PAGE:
Canada has enacted a ban on the use and sale of asbestos in the country. Set to take effect in 2018, the ban is now in place, and asbestos is effectively illegal.
For owners of new buildings, this is good news—their properties are guaranteed to be asbestos free. However, as residents know, Toronto and surrounding cities are aging cities, with many buildings built in the post-WWII era or earlier.
What can homeowners and homebuyers do about older homes that potentially contain asbestos? As your local, Toronto-based home inspectors, my team and I have helped coach many property owners through the asbestos struggle.
If you’re a worried homeowner (or buyer) you’ve come to the right place. In this article, I’ll discuss what asbestos is, when it’s harmful, where you might find it in your home, and what to do about it.
What is asbestos, and when is it dangerous?
What is asbestos? We hear scary stories about this substance a lot, but it’s not often defined. Asbestos is a naturally-occurring, fibrous mineral. It has been mined around the world for centuries due to its heat resistance and insulating ability.
(See this fact sheet from the Canadian Centre for Occupational Health and Safety, or CCOHS, for more information.)
When used in homes and products, there are two types of asbestos: friable and non-friable. Friable asbestos can be easily pulverized or turned to powder. Non-friable asbestos is encased in solid form and cannot become friable on its own.
Asbestos is dangerous in friable form. Long-term exposure to airborne asbestos particles causes serious health concerns, including lung disease, reduced respiration, and lung cancer.
However, asbestos does not present a danger in the following conditions, according to CCOHS:
- When it is bound in the original product and in good condition.
- When it is sealed (for example, behind walls and floorboards).
- When it is isolated in attic spaces or otherwise undisturbed.
If you own an older home and are worried about potential asbestos exposure, note that you may have asbestos in your home without necessarily being in harm’s way.
Because asbestos is a natural insulator, you are likely to find it in vermiculite insulation, boiler-pipe insulation, and floor and ceiling tiles. It may also be present in drywall compounds and popcorn walls and ceilings.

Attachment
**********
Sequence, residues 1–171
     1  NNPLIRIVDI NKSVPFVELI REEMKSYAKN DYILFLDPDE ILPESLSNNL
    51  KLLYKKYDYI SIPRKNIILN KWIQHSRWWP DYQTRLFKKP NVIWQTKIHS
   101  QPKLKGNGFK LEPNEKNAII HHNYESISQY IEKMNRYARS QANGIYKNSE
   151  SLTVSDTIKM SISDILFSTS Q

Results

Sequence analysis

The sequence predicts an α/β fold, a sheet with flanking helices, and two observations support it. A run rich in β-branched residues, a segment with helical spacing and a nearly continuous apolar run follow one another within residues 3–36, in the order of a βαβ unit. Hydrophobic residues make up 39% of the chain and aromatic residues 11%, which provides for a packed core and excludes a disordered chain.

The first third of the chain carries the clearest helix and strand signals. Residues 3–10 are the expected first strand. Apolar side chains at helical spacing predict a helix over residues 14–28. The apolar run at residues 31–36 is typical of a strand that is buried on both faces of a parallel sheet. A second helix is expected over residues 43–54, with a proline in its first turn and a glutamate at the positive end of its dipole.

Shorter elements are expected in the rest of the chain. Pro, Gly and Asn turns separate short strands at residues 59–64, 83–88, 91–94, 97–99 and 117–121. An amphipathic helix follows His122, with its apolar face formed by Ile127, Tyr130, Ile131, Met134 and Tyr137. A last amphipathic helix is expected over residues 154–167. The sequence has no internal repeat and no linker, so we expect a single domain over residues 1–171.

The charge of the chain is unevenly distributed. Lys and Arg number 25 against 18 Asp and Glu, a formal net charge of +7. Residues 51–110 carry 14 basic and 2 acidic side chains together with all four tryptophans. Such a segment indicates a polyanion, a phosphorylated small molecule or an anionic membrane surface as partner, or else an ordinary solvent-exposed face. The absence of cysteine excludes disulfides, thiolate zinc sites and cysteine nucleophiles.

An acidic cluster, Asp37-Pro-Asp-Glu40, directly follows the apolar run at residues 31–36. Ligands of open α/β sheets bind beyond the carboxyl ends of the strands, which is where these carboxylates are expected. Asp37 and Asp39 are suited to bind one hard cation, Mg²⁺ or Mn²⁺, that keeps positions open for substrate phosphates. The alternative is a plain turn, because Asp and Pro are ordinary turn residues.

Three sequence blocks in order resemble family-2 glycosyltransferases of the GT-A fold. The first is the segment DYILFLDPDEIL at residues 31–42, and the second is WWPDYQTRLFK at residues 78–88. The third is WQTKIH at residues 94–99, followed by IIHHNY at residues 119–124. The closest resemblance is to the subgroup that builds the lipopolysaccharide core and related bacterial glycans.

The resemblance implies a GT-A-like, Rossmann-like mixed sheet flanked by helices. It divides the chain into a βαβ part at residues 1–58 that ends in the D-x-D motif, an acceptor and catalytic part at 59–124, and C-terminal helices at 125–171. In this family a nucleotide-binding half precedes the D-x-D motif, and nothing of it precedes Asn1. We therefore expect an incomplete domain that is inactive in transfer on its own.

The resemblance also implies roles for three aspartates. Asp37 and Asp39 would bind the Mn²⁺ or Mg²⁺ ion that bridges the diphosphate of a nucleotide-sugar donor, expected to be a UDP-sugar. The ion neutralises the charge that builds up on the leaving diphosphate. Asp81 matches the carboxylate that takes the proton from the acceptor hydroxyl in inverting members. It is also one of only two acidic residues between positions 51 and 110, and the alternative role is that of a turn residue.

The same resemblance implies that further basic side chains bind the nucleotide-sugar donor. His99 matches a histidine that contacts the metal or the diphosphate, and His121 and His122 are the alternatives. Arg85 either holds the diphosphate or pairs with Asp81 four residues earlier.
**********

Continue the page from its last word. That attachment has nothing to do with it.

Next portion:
On the exterior of the home, asbestos may be found in siding and shingles, although this is less common as these products are typically removed and replaced regularly due to regular aging.
Suspect asbestos? What to do.
Think you may have asbestos in your home or potential property? Before you jump to any conclusions, I recommend you get a professional opinion to verify.
First, schedule a home inspection. A HouseMaster home inspection team can inspect hotspots and have the material tested for asbestos. At HouseMaster of Toronto, we are asbestos certified and always send your asbestos samples off to a certified lab for independent analysis.
If you do have asbestos, don’t worry! As long as the asbestos is properly enclosed and untouched, you are in no danger and don’t need to do any remediation. A home inspector can help you determine whether asbestos-containing materials are properly contained.
Have renovation or construction projects planned? This is when you need a plan to remove and contain asbestos.
If you have an older property, be careful you don’t undertake new renovation projects without testing for asbestos. Removing asbestos-containing material without taking the proper precautions can pose a serious health risk.
If your home contains asbestos and you do need to do construction or renovation, you have two options: encasement or removal.
Encasing insulation or other materials can seal off asbestos and is sometimes less costly than removal. If you choose to go the removal route, make sure you hire a professional who can remove the asbestos safely and completely.
Be worry-free with HouseMaster Home Inspections
If you own a home built before widespread asbestos use ceased in the 1990s, you may have asbestos. But while this substance can cause serious health risks, you likely have nothing to worry about. A home inspection can help verify that your home is safe—and provide next steps if it isn’t or if you need to renovate.
And if you’re looking to buy an older home, approach with caution—but not fear. A home inspection can help verify whether your purchase is safe. If remediation is necessary, you may even have a bargaining chip on your side.
Ready to get started on your personalized asbestos-abatement plan? We serve the greater Toronto area. Schedule a home inspection with us today! We would love to exceed your home inspection expectations.